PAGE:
Tuesday’s announcement by Energy Secretary Steven Chu includes 143 awards for fellowships, scholarships and research and development grants to 46 colleges and universities, with nine of those awards going to Georgia Institute of Technology.
“These investments will help train and educate our future energy leaders, while developing the innovations we need to create new jobs and export opportunities for American-made nuclear technologies,” Chu said.
The Integrated University Program includes $5 million for 39 undergraduate scholarships valued at $5,000 apiece and 31 graduate fellowships valued at $50,000 per year for three years. Both are intended to offer students training that can lead to nuclear science and engineering careers.
Other components include infrastructure grants and a series of university-led nuclear energy research and development projects that will use the Energy Department’s national laboratories as partners.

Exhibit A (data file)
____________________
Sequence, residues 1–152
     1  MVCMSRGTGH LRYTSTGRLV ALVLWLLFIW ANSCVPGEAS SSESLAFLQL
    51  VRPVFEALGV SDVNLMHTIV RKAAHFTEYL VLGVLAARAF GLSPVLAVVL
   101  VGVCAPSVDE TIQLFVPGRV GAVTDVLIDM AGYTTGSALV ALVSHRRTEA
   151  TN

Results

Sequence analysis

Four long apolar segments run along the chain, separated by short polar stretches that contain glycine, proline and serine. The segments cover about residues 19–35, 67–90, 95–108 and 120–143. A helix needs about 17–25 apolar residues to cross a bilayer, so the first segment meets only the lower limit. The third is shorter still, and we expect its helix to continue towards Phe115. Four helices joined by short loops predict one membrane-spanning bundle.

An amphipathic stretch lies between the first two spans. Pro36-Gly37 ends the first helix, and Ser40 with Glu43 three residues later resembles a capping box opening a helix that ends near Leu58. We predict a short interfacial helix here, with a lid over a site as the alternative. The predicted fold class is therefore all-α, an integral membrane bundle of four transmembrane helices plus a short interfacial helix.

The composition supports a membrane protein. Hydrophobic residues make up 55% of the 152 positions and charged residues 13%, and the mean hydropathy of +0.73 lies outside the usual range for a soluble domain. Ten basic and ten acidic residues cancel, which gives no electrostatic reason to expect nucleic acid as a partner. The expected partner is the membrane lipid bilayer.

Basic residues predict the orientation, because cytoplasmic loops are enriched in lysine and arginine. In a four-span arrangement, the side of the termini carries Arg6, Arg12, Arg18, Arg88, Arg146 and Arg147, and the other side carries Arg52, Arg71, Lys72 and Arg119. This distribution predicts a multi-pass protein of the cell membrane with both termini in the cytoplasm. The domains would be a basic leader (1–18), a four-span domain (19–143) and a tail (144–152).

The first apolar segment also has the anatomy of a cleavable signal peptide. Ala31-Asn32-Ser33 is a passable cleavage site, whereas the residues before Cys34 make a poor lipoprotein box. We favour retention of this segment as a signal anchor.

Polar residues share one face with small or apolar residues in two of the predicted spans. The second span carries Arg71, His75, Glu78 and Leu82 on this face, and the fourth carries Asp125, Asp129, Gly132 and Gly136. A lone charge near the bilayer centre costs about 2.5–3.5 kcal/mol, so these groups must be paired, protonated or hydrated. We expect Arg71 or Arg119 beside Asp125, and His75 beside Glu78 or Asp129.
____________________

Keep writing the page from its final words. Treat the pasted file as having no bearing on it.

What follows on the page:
Research awards earmarked for Georgia Tech include $784,689 for reactor fuel core design, $877,000 for studies of radiation damage in reactor vessels and $743,444 for nuclear energy modeling.
Georgia Tech was also designated as recipient of two scholarships, three fellowships and a $250,000 infrastructure grant to upgrade the neutron generator in the school’s radiological engineering lab.
Also named as recipients were the University of South Carolina, which will receive $430,000 for transformative research; and another South Carolina school, Francis Marion University in Florence, which will receive one scholarship.
Nuclear professionals are in high demand in the Southeast, and in the Augusta region in particular, because of expansions under way that will add two new reactors apiece at Southern Nuclear’s Plant Vogtle in Georgia, and at SCANA’s V.C. Summer Nuclear Station in South Carolina.
Savannah River Site is also home to numerous projects that require nuclear scientists and related technology skills.
The National Nuclear Security Administration’s $4.8 billion MOX plant under construction will dispose of weapons-grade plutonium by blending it into commercial reactor fuel. High turnover caused by increased competition for nuclear workers has already been cited as a concern for keeping that project on schedule.
The Savannah River National Laboratory and other SRS facilities are vying to host research for small modular nuclear reactor development, and the site is also home to an array of nuclear waste processing and cleanup work.